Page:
Author’s Note: This blog post is reprised, in part, from an article I was asked to submit to Shalom! A Journal for the Practice of Reconciliation. Shalom! is a quarterly publication of the Brethren in Christ Church. Its mission is to educate and stimulate Christ-like responses to the needs of society by providing biblical, theological, sociological, denominational and personal perspectives on a variety of contemporary issues. As I look ahead to celebrating 10 years of employment here, it seemed a fitting time to dust off this reflection and share it.
In 2005, just after giving birth to my first child, I decided to leave my job as Director of Annual Giving at Messiah College to work as a fundraiser at Messiah Village (now Messiah Lifeways at Messiah Village), a neighboring retirement community with deep Anabaptist roots. When people first heard the news, their responses ranged from cautionary to downright amusing.
“Won’t it be depressing – working with all those old people?”
“Won’t you miss the energy and fun of campus life?”
“Who will you ask for money? You know that Messiah Village doesn’t have alumni, right?”
Admittedly, I was making a big professional leap. I was leaving a beloved job so I could spend more time with my growing family. While I laughed outwardly, I knew there was some truth in all that good-natured teasing. Would this be a good fit for me? Little did I know that the change would bring transforming joy, inspiration, and spiritual growth – blessings far beyond the provision of a regular paycheck.
A decade later, I know I made the right choice. Beyond the satisfaction of using my professional skills to advance our mission and ministry, I have discovered countless opportunities for personal enrichment. My vocation has also shaped my own view of retirement and aging.
As the mother of two young children, I often joke that I’ll sleep when I retire. When I find myself knee-deep in laundry and dishes, weary from late nights and too-early alarms, it sometimes seems I’ll never have a quiet moment to myself. But deep inside I know that these precious children will grow up in the blink of an eye and I’ll be left yearning for one more chance to tuck them under the covers. What will my life look like when my nest is empty and my formal working years are finished? I pray that it will be full of zest and purpose – as modeled for me by my friends at Messiah Village. As I reflect on the years I’ve spent serving among remarkable people age 55 and better, I’ve made some observations about purposeful aging. I hope my thoughts will spark a new idea in your mind or help you have a meaningful conversation with someone you love.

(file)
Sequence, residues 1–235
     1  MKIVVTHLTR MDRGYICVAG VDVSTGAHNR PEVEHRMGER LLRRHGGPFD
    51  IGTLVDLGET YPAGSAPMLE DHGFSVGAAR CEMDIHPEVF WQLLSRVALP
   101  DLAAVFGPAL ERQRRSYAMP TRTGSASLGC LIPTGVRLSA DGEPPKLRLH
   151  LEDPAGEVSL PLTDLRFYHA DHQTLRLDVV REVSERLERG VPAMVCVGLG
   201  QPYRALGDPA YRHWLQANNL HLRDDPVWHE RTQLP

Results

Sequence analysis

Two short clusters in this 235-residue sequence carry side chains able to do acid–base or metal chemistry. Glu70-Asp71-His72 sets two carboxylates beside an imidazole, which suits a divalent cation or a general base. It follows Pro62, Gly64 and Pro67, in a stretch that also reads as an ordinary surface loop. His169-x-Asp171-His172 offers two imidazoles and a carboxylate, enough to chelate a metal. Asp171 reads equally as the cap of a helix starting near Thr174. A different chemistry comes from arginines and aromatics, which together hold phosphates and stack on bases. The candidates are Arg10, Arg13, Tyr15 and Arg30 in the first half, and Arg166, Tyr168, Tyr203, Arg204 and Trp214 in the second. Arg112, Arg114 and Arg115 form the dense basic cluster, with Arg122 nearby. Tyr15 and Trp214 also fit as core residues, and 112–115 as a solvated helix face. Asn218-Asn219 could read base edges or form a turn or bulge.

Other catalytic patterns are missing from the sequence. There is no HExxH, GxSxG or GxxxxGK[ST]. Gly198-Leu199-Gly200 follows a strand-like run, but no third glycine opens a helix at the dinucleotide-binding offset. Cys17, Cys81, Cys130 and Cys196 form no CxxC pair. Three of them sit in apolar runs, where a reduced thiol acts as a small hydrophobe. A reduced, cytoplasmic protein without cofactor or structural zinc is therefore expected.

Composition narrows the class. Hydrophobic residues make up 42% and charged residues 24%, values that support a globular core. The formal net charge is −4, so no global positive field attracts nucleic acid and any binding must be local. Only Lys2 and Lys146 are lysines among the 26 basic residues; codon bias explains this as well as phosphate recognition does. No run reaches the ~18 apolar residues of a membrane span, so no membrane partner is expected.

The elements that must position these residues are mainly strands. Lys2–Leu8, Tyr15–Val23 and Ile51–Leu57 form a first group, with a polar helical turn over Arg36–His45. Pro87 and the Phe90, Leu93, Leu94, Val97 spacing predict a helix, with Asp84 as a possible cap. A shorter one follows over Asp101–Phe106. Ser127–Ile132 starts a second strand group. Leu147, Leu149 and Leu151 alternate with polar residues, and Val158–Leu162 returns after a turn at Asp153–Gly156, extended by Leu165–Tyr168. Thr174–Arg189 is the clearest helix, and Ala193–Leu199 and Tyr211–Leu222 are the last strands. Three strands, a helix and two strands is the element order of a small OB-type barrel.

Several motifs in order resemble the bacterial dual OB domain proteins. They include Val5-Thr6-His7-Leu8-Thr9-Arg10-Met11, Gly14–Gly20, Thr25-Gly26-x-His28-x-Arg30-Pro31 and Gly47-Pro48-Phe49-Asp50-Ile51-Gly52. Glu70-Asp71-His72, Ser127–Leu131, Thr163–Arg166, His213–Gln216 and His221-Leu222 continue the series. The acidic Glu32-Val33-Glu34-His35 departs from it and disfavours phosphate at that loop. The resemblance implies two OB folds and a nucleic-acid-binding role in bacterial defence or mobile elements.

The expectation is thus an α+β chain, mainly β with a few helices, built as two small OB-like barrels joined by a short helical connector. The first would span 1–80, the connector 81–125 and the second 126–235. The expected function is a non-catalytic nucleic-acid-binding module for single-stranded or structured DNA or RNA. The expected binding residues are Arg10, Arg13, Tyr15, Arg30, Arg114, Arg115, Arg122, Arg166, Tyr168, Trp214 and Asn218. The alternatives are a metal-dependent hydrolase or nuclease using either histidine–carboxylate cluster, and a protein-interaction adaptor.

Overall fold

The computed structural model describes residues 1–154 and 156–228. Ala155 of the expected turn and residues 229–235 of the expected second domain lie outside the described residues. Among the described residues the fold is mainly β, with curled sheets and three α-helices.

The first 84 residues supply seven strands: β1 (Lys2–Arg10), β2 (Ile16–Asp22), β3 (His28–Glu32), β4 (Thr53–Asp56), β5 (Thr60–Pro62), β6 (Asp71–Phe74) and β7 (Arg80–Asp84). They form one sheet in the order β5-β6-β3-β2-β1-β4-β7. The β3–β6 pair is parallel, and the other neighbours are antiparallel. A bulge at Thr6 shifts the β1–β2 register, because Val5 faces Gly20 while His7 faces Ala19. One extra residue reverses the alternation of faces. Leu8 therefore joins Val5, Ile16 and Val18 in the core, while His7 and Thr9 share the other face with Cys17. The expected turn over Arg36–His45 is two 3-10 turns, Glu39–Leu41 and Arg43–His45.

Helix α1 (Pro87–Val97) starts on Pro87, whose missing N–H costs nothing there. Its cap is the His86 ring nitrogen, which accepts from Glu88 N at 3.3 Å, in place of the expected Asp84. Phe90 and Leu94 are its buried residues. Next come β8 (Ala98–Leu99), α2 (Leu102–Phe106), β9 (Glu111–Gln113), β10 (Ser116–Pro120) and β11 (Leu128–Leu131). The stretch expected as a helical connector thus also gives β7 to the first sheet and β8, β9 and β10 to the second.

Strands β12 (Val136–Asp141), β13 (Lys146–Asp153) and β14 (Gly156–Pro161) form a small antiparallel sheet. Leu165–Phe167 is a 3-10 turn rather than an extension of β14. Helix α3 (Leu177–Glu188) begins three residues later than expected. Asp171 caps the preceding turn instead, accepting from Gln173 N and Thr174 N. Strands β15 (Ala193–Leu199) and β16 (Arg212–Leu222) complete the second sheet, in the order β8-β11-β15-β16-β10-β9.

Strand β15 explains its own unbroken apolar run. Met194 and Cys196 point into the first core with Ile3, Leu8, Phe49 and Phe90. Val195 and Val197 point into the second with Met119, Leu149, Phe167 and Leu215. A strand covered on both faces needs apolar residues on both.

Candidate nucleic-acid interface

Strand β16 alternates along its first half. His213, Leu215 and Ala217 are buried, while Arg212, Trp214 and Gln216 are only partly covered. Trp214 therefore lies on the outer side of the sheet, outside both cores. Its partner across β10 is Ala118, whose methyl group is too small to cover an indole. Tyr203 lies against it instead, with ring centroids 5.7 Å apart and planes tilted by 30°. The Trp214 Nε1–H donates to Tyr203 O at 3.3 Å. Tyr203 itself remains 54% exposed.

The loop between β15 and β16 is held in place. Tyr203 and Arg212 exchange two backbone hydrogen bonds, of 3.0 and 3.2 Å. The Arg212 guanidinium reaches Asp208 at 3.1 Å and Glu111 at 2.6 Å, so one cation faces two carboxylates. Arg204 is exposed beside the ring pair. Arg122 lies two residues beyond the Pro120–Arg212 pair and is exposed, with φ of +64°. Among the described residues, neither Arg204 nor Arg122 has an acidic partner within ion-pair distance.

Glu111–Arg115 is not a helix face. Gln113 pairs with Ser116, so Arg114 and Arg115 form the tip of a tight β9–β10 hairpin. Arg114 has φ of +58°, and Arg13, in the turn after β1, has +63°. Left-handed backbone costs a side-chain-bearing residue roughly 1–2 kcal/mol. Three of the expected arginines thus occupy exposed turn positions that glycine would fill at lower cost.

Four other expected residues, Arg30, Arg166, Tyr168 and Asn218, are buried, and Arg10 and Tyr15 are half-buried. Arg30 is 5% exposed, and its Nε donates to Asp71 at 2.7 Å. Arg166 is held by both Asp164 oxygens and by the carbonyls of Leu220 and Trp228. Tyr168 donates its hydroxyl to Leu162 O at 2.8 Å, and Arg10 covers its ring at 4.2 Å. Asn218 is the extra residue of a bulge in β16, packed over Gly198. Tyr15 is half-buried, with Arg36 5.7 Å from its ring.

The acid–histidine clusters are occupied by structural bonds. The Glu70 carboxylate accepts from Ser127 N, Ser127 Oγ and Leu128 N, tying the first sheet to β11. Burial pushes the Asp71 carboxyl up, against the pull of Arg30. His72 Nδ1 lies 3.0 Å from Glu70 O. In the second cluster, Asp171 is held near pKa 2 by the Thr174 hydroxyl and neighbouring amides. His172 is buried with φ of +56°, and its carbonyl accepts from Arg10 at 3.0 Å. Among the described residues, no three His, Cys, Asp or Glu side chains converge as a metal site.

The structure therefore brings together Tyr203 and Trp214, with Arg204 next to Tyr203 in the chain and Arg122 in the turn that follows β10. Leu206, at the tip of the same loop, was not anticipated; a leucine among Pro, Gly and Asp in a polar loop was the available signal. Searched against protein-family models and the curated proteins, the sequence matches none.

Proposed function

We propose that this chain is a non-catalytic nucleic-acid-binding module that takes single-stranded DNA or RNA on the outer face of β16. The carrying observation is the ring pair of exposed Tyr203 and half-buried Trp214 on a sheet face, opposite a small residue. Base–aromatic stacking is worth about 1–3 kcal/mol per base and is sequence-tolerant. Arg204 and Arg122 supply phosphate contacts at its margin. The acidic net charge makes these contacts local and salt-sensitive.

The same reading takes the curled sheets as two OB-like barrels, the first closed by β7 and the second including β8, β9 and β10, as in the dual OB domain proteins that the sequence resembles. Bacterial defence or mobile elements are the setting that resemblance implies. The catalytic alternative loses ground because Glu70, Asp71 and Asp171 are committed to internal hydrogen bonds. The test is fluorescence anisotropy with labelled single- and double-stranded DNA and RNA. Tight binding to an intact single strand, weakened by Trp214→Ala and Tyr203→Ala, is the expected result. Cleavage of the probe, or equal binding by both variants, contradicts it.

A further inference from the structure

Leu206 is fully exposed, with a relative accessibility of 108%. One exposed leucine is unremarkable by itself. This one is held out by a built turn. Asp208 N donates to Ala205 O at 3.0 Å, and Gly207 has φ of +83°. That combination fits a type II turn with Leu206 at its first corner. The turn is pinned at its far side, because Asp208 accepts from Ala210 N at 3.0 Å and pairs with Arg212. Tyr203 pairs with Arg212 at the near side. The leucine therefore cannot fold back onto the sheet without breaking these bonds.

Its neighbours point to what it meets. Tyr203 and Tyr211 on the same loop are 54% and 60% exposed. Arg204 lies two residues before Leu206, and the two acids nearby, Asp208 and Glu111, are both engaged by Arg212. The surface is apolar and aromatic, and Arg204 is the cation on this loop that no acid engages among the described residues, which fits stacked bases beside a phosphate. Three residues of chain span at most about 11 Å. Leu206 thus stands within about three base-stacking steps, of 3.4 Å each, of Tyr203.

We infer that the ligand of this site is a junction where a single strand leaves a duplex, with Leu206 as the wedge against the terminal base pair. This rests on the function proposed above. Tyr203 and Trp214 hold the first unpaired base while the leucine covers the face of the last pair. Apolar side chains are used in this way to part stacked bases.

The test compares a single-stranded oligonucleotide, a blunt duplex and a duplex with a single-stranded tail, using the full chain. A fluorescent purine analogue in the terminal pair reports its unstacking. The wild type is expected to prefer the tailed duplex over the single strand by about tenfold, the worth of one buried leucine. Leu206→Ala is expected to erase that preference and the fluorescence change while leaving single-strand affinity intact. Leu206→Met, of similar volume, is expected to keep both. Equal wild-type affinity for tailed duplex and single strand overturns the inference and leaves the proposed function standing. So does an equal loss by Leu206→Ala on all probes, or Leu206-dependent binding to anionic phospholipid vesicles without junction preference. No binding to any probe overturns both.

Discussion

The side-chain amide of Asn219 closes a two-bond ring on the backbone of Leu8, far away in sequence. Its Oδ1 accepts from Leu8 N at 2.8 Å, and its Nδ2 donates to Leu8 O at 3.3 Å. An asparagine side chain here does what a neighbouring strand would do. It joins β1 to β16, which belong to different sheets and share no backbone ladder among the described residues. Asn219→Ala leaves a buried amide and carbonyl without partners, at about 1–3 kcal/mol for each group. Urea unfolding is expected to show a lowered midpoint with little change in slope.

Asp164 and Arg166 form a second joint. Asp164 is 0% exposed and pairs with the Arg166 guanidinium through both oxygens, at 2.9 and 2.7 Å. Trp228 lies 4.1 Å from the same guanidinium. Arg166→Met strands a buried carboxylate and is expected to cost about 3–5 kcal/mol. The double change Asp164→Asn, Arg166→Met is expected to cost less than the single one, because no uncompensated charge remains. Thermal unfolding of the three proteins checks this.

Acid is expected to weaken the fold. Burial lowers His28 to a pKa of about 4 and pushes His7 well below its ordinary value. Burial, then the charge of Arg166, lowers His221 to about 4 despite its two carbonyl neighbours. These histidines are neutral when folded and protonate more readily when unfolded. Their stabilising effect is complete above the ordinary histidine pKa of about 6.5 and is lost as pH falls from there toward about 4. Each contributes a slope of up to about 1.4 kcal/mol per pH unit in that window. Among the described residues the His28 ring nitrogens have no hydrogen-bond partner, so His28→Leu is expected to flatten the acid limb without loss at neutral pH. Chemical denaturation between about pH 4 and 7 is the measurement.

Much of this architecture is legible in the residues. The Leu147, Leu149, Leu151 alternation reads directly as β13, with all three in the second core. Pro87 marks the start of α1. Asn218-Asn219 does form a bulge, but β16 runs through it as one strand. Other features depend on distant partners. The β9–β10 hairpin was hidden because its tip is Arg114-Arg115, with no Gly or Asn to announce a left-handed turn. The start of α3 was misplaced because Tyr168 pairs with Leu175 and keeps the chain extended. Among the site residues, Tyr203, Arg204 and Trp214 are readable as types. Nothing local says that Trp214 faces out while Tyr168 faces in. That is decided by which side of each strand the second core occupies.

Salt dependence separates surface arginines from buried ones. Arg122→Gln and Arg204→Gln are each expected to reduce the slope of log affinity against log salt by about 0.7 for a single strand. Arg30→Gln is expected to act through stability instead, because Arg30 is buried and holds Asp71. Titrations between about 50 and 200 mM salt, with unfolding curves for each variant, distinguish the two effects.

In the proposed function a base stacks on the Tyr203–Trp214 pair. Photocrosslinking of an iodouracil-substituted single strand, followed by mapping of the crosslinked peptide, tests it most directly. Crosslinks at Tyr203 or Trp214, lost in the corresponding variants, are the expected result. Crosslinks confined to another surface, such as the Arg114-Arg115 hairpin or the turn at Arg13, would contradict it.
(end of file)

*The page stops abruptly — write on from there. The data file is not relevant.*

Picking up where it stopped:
Embrace the Journey
One morning I found my then kindergarten-aged son dawdling as we were trying to leave the house. Exasperated, I finally said, “Hurry up, Noah, I’m not getting any younger.” Without missing a beat, he looked right at me and said, with a fair dose of gumption, “Well, neither am I.” That simple exchange still stays with me. You can try to deny it or ignore it, but as long as God grants us breath, we are moving towards the eventual end of our earthly life. I have found that those men and women who embrace the journey of aging are most contented. They don’t look for a fountain of youth and they don’t complain bitterly about turning the calendar pages. Rather, they take chances – they are curious and eager to make the most of their days. I remember visiting a resident who had just bought a beautiful new cello. She always wanted to play an instrument so, in her mid – 80’s, she started taking lessons. She played a few sweet, delicate notes for me, still nervous about playing in front of someone other than her teacher. Before I left, she shared that she had just purchased her season tickets for the symphony – and she made sure her seats offered a perfect view of the cello section.